Those against barefoot running aren’t sure that this activity is better for you. Podiatrists on this side of the argument claim that running on softer surfaces like natural mud trails and grass provides cushioning similar to shoes. They also argue that most runners run on concrete, which is an unforgiving surface.

Pain is also a major topic that comes up in this argument. It is believed that running without shoes or the support of regular running shoes can cause common foot and ankle ailments. Podiatrists express that when you place additional strain on your Achilles tendon, the result is pain and Achilles tendonitis. Podiatrists also argue that barefoot running is the cause of plantar fasciitis and that running without arch support will most likely lead to pain in the plantar fascia. They do not recommend that people run without proper fitting shoes, especially if you have low or flat arches.

For Barefoot Running

Advocates for barefoot running are on the other side of the coin. Some claim that running shoes are a part of big business and that biased businesses fund their own research to yield results that suggest it is better to run with shoes. By doing this, people continue to believe that they need expensive running shoes with all of the “necessary features.” People then go out and buy the running shoes and businesses continue to make a profit.

Other barefoot runners do not necessarily believe it is all a conspiracy. They simply argue that there are some populations all over the world that suffer from less foot problems and the only difference is that those other populations do not wear shoes. Barefoot runners claim that shoes do not offer support and that they actually weaken the muscles in your feet and ankles. This is because shoes prevent you from learning how to truly use those muscles. Shoes can also cause you to walk with an improper gait for years, which could eventually throw your body’s alignment out of whack.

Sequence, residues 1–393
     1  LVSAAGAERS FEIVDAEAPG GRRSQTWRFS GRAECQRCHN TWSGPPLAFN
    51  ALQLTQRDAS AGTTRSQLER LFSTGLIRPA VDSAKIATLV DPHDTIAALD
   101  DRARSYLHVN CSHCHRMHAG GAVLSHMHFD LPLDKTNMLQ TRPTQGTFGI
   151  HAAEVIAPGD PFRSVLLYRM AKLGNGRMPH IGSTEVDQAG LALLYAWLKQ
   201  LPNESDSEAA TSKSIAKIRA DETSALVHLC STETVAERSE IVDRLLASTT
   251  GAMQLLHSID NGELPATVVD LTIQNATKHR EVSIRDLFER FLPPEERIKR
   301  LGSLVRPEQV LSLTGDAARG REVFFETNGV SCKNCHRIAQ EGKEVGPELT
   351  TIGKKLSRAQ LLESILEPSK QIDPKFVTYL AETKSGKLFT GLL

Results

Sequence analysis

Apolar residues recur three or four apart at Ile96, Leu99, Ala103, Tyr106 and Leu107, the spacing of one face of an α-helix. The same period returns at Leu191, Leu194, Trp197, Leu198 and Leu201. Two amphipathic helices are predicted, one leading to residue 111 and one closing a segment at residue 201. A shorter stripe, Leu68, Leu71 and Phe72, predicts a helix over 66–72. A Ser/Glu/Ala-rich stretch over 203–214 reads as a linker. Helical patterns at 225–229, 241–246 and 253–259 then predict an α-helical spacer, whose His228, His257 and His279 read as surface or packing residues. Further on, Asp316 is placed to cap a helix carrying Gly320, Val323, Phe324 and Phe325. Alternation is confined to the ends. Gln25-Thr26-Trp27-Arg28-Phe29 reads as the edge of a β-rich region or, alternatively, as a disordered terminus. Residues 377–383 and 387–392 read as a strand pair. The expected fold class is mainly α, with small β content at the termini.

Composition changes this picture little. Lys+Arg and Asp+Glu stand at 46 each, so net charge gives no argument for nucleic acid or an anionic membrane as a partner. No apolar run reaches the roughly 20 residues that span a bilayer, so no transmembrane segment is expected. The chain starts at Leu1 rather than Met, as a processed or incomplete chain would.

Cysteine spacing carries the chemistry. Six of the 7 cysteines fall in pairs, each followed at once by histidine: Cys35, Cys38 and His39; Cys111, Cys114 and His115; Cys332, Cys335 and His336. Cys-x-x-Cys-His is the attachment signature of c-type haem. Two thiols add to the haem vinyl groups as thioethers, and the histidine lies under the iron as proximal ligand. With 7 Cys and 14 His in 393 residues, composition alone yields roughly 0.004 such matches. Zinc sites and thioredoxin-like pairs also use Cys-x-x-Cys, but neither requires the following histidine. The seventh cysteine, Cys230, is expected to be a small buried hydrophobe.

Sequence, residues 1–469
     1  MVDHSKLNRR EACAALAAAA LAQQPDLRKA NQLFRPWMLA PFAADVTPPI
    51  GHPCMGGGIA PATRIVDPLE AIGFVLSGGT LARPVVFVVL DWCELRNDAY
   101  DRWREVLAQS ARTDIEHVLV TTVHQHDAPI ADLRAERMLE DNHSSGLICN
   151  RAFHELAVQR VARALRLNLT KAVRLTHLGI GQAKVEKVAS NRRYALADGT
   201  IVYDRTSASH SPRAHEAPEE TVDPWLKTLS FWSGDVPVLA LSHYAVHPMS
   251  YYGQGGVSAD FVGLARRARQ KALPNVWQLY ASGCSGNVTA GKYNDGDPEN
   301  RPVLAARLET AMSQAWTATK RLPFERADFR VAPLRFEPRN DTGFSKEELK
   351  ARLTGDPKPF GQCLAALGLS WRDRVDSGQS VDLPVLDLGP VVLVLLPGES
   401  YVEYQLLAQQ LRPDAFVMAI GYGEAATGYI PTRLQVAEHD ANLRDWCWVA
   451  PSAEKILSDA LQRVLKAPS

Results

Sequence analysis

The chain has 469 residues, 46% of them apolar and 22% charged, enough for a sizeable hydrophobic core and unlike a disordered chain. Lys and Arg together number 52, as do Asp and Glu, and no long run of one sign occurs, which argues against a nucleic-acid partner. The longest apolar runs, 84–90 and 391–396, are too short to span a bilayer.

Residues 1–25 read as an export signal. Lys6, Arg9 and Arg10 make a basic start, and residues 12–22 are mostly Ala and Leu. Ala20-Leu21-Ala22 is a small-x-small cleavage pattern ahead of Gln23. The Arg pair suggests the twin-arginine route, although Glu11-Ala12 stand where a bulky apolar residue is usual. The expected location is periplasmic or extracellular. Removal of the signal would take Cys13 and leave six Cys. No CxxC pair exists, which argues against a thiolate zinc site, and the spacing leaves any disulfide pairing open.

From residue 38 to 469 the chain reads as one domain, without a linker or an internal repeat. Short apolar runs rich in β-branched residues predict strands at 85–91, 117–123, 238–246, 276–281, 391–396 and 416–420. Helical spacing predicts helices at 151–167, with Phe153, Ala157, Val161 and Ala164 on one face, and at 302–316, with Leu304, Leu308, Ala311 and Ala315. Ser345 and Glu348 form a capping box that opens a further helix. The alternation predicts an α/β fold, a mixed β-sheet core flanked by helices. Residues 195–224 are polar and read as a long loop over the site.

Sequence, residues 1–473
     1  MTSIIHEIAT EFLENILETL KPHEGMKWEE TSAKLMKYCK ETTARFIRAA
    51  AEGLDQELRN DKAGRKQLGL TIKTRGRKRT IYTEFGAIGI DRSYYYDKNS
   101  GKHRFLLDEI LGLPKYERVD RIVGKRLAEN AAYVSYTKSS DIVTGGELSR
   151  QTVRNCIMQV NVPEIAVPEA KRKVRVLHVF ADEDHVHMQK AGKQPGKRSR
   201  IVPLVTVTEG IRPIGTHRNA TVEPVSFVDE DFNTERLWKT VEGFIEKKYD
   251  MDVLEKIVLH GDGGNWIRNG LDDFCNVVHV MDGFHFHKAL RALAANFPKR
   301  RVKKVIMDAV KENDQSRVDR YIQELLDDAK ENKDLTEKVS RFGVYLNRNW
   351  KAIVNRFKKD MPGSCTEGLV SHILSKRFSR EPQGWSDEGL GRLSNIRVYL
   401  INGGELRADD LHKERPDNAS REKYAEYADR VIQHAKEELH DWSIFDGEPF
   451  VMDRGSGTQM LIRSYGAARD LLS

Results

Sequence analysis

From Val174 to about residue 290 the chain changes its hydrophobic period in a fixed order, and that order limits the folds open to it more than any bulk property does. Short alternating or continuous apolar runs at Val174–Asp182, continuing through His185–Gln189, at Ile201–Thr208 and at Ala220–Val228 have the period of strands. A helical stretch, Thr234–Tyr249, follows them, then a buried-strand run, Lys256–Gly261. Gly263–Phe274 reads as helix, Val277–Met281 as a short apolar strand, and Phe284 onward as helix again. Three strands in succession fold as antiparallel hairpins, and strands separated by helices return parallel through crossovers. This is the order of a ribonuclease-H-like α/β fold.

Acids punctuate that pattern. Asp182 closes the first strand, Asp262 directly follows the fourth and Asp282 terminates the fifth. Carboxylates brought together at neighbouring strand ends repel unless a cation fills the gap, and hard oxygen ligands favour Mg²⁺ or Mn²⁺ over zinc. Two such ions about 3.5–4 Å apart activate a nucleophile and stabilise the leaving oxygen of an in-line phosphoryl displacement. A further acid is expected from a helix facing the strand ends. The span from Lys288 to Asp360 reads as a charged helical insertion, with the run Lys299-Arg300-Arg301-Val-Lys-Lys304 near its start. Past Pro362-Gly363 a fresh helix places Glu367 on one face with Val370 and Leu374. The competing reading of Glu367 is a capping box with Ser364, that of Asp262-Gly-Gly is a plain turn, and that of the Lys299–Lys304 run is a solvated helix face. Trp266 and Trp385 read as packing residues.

Barefoot runners believe that shoes do not offer support, but they do believe that shoes offer protection from harmful objects like rocks, glass, nails, twigs, unfavorable weather, hot or cold surfaces, etc. This is the one true benefit of shoes, which is why some runners don’t run barefoot and opt for those minimalist running shoes like the Vibram FiveFingers.

Vibram FiveFingers

Below are other reasons why some believe barefoot running is better for you and your feet:

  • Barefoot runners have lighter footfall. In other words, they tend to strike the ground with the middle or front of their feet instead of their heel. This type of running puts less pressure on your joints and reduces impact injuries.
  • Barefoot runners are able to run faster. Without the weight of shoes, they can increase their speed.
  • Barefoot runners save money by not purchasing expensive running shoes.
  • Running barefoot allows you to feel the ground. Being able to feel the terrain allows you to change your gait so that you can improve the way you run and improve your balance.
  • Runners who run in shoes get the same injuries like plantar fasciitis anyway.
  • This is how we were designed to run. If we are born without shoes, it must mean that our bodies and feet are capable of adapting to walking and running on the earth barefoot.

Barefoot runners believe that if you suffer from any pain like plantar fasciitis or Achilles tendonitis, it is because you made the switch to barefoot running too quickly. They suggest that you start walking around barefoot slowly on a soft surface like grass or dirt. Gradually work your way up to running on the soft surface. It helps you learn how to feel your feet so you do not strike the ground with too much force. You have to gradually train your body to make the switch. This means strengthening your feet, ankles, and calves before attempting that 10 mile run.

If you think about it, this is what you should do with any new physical activity. If you are just starting to lift weights, you don’t try to lift 300 lbs over your head on the first day. You could injury yourself. It is the same way with barefoot running. Since you will start to use more of your foot muscles that have been ignored while wearing comfy shoes, you don’t want to over work them or stress them. If you decide that barefoot running is right foot you, take it slow!